deeplearning.ai just announce a new class which cater to non-technical people. So if you are thinking of preparing material for not technical staff for your company, this could be a good resource. Coming in 2019.
If you start AI only the last few years, one thing you might heard of is the possibility of AGI. You must feel remote for these ideas because they are so different from ideas such as supervised learning or reinforcement learning.
We feel the same way, AI practitioners these days are quite a different group from AGI advocates. So when Open AI Founder, Ilya Sutskever, said short-term AGI is a real possibility, you should probably take notice.
So why do people believe AGI is possible in the first place? Setting aside that some people just blindly believe in AGI. Most AGI advocates actually based their belief upon projection from technological progress. Moore's Law is one of the most well-quoted. Here, Sutskever's arguments are mostly based on the recent progress of deep learning. One of his arguments is that deep learning has "repeatedly and rapidly broken through ‘insurmountable’ barriers." and he enumerated several important progress in deep learning such as Imagenet, GAN and AlphaGo.
Would his prediction comes true though? You asked. And of course, just that we can achieve something impossible few years ago, it doesn't always mean we can do that. So say, speaking in deep learning: can we come up with a network architecture which integrate multiple senses together? Or if we can think of one, do we have enough computational power to train them?
Perhaps it begs a relevant question: how do you judge a certain prediction on AI? In our view, since they are predictions, you cannot quite verify if they are true now. Perhaps a better way to judge them is to look at the feasibility of their underlying theory. Most controversy about AI prediction such as the emergence of the more popular "Singularity" on how we can predict progress on other technologies.
We don't pretend we have the answer. We suggest you to think independently and come up with your view.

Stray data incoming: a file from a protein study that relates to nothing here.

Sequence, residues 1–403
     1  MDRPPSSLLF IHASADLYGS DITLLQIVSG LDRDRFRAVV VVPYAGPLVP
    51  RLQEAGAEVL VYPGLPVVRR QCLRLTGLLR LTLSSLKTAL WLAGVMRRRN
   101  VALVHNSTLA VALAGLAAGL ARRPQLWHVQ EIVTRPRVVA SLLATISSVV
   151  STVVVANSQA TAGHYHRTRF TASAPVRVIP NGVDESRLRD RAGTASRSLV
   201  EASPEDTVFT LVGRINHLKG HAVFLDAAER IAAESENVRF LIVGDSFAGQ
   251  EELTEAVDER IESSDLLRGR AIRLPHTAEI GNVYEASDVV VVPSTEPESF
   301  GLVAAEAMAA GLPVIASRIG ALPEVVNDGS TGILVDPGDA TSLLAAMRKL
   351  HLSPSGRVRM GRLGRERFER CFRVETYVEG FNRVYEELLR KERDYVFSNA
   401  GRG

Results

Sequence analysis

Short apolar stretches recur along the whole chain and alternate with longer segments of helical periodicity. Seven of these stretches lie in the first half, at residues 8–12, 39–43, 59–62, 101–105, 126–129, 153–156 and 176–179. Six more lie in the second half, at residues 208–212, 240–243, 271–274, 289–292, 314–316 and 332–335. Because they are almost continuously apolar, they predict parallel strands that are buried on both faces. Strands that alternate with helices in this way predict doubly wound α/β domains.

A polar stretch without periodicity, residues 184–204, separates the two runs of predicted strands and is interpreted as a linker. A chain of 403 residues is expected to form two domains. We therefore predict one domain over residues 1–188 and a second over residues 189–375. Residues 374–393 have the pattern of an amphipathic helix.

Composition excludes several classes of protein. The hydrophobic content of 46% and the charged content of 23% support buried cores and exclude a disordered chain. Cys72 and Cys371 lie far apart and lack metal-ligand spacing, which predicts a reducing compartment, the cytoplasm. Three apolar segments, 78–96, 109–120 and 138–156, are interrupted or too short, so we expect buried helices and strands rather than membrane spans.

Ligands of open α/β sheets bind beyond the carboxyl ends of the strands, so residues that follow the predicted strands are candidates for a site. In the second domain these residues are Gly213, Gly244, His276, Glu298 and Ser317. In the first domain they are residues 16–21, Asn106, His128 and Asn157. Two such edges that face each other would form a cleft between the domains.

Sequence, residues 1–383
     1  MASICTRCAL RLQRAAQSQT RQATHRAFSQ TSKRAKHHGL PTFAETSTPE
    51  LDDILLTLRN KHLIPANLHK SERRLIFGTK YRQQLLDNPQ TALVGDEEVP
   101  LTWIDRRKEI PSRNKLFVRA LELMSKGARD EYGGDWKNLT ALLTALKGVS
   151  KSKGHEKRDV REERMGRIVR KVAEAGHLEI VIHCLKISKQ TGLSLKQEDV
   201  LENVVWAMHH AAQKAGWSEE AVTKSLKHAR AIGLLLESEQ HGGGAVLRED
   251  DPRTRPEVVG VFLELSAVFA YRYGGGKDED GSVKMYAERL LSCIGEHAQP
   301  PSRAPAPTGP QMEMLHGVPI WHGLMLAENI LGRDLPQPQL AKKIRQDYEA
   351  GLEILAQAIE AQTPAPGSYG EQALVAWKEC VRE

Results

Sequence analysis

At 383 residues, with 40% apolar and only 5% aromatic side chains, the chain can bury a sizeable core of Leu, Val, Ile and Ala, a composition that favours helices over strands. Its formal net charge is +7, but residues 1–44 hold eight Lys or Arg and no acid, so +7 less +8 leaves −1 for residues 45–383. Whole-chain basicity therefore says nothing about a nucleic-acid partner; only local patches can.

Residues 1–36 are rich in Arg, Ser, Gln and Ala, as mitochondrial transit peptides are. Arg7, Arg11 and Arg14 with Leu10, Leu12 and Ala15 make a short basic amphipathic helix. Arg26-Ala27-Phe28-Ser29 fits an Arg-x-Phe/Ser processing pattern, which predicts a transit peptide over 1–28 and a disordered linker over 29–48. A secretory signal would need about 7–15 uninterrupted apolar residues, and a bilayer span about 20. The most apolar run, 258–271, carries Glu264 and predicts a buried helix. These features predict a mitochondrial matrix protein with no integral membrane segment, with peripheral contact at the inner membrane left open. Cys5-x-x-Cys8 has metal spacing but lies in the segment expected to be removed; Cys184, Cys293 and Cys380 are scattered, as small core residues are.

Here is an interesting interview of Prof. Vladimir Vapnik by MIT Prof. Lex Friedman. Just on the two minutes segments we have several thoughts and you may listen to the whole pod cast here.
The first is what Vapnik really means. It seems to us, when Vapnik said "Math is a language that uses God". The "God" has a sense of "deterministic", i.e. close to the meaning when Einstein said to Niels Bohr: "God doesn't play dice". So this saying was more like "Math is a language which is deterministic". And later when he wondered how reality can be described by simple language of Math. It gives us a sense that he believe that reality can be described by Math.
Perhaps the more important question is "Should reality in machine learning be described by Math?" If we see reality as data we can observed and measured, then we should be more reserved if we should blindly pursue a simple equation as descriptions. For example, when we are talking about using regression to describe a set of data, what we are looking for is the best description according to some criteria. e.g. say when we are choose the optimal number of mixtures in a Gaussian mixture model(GMM), we can use likelihood difference, or BIC etc to decide. We wonder other than actual performance metrics, we can have anything to decide upon these criteria.
All-in-all, this is a very interesting interview. We also asked Prof. Friedman on how Prof. Vapnik thinks about the rise of deep learning. Prof. Friedman promise to post another clip on AIDL again. So stay tuned.
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